"We feel in our hearts this community can use a positive influence. When there are issues in the community, we feel like that positive [feeling] " Grooms said. "Ultimately, we're out here with the message of what God has done for us in our lives, and we want to share that with others."
Last year, Grooms said, the festival was held at a campground north of Bloomfield off U.S. Highway 63. Ottumwa Park has more space and is easier to reach for more people. Grooms has definitely seen growth but can't say how much. With multiple entrances and no admission fee, keeping a count was not a priority. The fact that everyone was welcome, however, seemed more important.
"I don't think I'd be out of line to say that for some people, this may be the only church they get," said Doug McAntire, one of the festival volunteers. "But that's how God works. There are different ways to reach people. They need to hear the message, and the music gets them stirred up, [motivating them] to come and listen."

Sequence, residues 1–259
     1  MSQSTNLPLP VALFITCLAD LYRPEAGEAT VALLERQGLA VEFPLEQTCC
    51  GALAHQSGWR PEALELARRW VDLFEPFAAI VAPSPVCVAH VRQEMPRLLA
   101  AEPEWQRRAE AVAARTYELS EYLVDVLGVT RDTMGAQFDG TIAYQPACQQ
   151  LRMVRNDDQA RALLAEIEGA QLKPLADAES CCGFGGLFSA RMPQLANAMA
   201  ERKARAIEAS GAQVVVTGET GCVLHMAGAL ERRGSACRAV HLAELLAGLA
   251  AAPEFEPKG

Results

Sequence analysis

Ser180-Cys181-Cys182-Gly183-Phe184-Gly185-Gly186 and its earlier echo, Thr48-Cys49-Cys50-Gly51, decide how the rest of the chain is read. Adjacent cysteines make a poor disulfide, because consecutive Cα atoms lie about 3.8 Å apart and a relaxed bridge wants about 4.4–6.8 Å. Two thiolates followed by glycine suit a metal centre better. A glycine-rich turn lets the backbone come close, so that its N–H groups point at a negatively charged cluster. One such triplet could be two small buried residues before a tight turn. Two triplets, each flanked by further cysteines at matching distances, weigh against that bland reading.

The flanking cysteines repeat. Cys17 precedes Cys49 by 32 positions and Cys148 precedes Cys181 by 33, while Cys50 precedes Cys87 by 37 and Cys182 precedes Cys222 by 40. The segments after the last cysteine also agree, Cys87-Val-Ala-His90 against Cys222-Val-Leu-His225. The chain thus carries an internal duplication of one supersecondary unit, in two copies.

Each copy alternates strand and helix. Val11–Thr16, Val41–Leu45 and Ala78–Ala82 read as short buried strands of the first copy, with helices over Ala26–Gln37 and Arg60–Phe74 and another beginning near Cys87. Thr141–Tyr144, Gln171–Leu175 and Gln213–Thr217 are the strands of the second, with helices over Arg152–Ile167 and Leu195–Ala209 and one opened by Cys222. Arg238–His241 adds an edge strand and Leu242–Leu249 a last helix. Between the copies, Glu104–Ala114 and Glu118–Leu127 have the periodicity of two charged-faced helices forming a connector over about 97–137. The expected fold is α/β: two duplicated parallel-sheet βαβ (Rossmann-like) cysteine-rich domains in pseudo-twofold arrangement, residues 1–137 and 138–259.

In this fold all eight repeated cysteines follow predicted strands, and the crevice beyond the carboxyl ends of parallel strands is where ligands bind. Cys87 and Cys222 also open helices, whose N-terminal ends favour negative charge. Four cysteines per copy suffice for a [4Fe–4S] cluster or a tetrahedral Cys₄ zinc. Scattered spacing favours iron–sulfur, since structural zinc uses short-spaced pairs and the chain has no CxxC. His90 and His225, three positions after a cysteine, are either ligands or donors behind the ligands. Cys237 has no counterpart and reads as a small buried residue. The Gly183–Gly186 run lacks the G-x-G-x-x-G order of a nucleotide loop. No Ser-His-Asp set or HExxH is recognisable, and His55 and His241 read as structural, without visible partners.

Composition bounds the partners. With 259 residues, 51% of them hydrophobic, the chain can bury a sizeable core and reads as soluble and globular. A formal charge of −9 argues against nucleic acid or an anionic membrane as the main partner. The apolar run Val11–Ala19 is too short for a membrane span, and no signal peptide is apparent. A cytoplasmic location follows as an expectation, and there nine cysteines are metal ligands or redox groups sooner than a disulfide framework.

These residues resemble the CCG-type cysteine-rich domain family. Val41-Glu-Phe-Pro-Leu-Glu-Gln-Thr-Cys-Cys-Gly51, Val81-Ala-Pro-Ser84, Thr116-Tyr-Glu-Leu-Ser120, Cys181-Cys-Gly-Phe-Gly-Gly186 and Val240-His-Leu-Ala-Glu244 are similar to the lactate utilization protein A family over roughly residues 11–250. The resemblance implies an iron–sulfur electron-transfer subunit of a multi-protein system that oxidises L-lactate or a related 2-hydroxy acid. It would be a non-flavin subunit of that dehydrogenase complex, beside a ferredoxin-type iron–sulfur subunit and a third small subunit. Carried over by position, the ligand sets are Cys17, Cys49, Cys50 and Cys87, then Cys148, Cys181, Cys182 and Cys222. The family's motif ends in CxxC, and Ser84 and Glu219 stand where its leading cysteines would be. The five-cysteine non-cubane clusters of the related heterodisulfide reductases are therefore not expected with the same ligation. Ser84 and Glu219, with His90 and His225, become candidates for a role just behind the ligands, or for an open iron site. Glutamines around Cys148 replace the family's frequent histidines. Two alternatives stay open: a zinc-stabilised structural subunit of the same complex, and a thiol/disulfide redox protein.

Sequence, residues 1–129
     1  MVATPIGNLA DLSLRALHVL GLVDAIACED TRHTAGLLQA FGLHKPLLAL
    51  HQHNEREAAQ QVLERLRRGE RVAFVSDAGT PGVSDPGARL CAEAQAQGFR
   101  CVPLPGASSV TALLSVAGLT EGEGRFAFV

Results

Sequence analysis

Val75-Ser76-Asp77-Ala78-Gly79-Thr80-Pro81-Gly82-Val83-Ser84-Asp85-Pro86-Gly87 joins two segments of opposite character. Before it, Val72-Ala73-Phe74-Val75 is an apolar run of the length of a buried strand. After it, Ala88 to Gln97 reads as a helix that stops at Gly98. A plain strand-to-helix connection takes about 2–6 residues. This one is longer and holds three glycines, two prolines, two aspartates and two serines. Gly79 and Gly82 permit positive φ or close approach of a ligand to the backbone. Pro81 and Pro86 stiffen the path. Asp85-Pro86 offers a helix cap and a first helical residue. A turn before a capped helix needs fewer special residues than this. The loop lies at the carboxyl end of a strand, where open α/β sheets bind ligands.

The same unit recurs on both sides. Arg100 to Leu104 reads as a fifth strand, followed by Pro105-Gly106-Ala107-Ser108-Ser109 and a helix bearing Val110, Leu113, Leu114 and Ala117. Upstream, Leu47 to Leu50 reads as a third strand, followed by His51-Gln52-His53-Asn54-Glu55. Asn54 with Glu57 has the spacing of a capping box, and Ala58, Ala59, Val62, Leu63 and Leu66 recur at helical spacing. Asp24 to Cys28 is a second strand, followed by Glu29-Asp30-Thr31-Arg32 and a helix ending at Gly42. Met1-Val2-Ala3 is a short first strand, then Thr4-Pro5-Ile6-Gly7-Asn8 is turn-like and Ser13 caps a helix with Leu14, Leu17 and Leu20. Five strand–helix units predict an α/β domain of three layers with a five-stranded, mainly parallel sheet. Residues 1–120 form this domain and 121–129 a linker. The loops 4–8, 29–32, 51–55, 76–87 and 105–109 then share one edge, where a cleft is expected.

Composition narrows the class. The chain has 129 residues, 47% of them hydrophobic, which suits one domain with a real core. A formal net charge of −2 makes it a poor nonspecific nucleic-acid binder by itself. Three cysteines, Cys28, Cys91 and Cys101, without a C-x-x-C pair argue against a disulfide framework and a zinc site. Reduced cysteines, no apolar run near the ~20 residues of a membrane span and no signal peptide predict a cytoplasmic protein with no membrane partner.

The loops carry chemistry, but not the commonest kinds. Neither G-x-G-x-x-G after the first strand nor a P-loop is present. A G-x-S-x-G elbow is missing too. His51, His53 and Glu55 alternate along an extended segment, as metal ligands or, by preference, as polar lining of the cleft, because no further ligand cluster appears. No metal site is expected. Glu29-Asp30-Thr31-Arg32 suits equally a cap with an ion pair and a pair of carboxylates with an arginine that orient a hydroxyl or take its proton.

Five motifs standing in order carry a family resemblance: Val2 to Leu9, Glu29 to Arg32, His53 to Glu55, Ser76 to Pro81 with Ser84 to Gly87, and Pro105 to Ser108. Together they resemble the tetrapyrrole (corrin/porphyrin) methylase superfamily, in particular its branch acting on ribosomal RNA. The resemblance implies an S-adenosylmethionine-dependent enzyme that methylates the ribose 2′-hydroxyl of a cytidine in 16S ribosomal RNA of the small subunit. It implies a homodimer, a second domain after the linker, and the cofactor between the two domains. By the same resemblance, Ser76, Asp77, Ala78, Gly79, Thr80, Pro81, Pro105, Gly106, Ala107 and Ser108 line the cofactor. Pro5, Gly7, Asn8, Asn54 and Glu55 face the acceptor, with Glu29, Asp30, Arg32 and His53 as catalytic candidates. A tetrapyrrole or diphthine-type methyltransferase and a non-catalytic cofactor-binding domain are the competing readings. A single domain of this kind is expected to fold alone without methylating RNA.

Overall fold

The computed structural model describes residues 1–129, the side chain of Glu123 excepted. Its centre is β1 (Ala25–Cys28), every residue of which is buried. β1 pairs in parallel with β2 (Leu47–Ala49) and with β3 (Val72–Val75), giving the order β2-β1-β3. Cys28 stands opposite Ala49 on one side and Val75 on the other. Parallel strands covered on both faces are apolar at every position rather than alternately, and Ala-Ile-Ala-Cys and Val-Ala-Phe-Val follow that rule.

One of many volunteers, McAntire told the Courier that this is a great opportunity for his town, Ottumwa, where young people have said they want additional activities. More than 20 bands put on an outdoor summer concert with free admission. The acts drew Christian music fans as well as everyday rock fans.
Band after band played in Ottumwa Park on Friday and Saturday. There's a similarity you will notice among the band members, Shettler said: This is their chosen way to praise God. And no matter how hard they rehearse — or rock — musicians like Shettler make no secret of their priorities.
"We consider this a ministry," he said of the band.